|Masking:||None (Open Label)|
|Official Title:||Primary Radiotherapy And DIEP flAp Reconstruction Trial|
|Actual Study Start Date :||January 14, 2016|
|Actual Primary Completion Date :||December 31, 2021|
|Actual Study Completion Date :||December 31, 2021|
Experimental: Radiotherapy before surgery
Radiotherapy followed by mastectomy and DIEP flap reconstruction
Other: Radiotherapy before surgery
Radiotherapy followed by mastectomy and DIEP flap reconstruction
- Number of participants with presence of open breast wound [ Time Frame: 4 weeks after mastectomy and DIEP flap reconstruction ]Presence of open breast wound at 4 weeks after mastectomy & DIEP flap reconstruction
- Volume and symmetry between the reconstructed and non-reconstructed breast using 3D-surface imaging [ Time Frame: 3 months and 12 months after surgery ]Difference in volume and symmetry between the reconstructed and non-reconstructed breast using 3D-surface imaging at 3 months and 12 months after surgery.
- Patient satisfaction [ Time Frame: 3 months and 12 months after surgery ]Patient satisfaction (as measured using the BREAST-Q reconstruction module) before, three months after, and 12 months after surgery.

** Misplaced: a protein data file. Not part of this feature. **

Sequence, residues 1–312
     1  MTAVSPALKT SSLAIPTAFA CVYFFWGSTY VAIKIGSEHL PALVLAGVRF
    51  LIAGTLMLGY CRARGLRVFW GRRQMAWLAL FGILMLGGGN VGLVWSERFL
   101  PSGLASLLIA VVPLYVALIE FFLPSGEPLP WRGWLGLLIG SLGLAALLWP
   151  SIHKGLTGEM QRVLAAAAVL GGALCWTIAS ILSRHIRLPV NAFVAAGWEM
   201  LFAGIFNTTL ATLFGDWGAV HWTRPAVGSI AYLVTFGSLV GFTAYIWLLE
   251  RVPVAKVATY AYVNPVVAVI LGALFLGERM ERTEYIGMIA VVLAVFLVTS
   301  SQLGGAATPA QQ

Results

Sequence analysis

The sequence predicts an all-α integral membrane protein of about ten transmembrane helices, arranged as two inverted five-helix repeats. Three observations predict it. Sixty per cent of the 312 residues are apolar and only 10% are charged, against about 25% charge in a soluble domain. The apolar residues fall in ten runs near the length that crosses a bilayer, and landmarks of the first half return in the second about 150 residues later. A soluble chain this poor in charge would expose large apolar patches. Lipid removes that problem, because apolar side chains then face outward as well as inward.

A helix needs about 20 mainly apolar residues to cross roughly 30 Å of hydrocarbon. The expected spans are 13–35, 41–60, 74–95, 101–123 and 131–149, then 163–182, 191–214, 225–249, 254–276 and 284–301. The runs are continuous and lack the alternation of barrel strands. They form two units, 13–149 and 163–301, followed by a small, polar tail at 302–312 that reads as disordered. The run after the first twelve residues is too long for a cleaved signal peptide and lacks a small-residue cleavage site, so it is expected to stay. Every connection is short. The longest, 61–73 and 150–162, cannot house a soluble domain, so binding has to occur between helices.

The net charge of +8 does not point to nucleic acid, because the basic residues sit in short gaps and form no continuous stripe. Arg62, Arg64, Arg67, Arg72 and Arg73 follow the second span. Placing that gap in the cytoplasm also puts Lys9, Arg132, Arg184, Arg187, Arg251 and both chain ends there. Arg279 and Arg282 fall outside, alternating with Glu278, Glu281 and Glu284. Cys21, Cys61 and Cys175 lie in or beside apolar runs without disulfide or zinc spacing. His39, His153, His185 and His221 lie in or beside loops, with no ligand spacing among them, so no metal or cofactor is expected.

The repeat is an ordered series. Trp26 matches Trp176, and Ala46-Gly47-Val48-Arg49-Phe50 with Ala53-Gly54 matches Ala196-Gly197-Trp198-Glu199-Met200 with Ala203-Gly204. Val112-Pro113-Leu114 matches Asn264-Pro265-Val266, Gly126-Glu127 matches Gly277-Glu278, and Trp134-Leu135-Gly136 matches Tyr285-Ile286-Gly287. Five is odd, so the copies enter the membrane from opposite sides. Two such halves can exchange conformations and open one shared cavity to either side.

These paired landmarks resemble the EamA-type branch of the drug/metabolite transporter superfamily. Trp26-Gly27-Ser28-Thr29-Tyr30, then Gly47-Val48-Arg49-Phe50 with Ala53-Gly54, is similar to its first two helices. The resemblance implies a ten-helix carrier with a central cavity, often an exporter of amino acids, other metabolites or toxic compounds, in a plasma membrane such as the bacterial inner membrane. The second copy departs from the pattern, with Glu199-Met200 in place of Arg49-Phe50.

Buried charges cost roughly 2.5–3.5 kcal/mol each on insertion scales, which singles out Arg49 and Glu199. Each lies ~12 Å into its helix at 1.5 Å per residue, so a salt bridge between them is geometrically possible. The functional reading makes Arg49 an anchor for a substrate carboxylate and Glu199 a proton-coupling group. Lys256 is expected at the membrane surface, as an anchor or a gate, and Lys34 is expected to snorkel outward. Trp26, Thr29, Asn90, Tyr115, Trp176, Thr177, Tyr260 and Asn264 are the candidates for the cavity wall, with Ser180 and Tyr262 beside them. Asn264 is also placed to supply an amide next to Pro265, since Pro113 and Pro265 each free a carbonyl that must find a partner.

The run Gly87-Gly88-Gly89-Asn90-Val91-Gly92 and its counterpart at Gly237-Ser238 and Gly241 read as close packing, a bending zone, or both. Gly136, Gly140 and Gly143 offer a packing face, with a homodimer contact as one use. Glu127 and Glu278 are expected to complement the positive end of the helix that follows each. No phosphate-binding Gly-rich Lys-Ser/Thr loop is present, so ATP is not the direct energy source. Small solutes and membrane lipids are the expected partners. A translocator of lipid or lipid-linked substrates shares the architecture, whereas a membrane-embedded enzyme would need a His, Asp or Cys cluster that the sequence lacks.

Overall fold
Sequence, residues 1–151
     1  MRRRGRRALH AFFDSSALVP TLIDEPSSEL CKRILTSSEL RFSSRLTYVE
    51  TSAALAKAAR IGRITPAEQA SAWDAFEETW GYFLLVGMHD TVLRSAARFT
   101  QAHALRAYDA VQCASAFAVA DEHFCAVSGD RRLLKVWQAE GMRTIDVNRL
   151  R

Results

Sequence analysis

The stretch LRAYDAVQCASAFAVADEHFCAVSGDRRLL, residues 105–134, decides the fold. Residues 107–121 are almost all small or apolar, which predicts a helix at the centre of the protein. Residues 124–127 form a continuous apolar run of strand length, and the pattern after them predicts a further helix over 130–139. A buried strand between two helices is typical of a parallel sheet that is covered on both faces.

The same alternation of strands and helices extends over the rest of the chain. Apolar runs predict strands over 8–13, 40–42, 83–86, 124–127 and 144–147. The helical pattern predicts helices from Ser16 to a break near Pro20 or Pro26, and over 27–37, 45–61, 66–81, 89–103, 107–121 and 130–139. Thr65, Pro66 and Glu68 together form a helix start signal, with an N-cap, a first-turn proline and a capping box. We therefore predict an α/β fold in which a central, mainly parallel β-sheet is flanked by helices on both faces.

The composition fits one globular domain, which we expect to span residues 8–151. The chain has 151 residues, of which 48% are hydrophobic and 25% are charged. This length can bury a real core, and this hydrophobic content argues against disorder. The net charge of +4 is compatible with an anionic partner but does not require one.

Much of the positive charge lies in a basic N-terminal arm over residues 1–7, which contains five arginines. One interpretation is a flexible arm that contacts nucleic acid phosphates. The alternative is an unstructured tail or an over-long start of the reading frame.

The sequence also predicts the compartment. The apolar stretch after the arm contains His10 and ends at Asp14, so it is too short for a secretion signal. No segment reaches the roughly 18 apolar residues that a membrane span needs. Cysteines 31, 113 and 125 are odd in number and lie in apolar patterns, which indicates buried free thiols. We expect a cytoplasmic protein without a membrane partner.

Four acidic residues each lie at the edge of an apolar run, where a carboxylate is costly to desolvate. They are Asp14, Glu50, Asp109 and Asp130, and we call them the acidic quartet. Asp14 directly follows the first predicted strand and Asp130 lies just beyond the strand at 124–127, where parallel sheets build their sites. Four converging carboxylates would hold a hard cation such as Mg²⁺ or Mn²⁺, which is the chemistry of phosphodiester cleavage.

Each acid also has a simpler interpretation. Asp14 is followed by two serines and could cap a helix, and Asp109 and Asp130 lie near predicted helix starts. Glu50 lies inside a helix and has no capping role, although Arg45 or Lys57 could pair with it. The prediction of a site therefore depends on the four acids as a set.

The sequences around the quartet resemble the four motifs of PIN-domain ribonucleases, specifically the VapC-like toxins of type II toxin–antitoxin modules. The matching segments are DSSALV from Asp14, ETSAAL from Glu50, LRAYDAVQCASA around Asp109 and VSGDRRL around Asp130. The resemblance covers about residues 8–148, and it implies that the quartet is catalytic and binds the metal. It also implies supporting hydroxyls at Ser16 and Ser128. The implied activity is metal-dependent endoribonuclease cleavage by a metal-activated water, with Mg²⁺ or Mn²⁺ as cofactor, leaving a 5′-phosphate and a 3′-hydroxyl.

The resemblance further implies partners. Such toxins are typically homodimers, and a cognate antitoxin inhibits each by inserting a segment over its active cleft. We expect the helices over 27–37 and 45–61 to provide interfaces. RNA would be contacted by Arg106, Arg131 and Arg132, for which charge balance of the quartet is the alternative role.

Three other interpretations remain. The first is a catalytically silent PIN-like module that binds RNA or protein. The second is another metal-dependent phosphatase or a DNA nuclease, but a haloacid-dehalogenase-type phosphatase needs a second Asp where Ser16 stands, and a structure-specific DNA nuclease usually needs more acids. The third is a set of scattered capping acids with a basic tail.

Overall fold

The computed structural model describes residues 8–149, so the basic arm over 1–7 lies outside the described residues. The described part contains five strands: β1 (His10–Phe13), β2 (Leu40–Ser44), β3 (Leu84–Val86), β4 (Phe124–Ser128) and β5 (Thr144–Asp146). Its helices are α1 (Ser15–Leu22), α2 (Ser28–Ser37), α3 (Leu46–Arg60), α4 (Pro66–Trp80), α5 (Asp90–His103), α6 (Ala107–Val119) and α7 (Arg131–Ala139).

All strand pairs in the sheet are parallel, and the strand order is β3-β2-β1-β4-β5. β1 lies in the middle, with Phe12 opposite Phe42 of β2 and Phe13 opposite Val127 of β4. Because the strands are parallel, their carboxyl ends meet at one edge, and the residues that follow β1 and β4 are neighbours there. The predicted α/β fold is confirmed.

- Applanation tonometry measure of breast compressibility between the reconstructed and non-reconstructed breast [ Time Frame: 3 months and 12 months after surgery ]Difference in breast compressibility between the reconstructed and non-reconstructed breast using applanation tonometry at 3 months and 12 months following surgery.
To learn more about this study, you or your doctor may contact the study research staff using the contact information provided by the sponsor.
Please refer to this study by its ClinicalTrials.gov identifier (NCT number): NCT02771938
|The Royal Marsden NHS Foundation Trust|
|London, United Kingdom, SW3 6JJ|
|Principal Investigator:||Fiona MacNeill||Royal Marsden NHS Foundation Trust|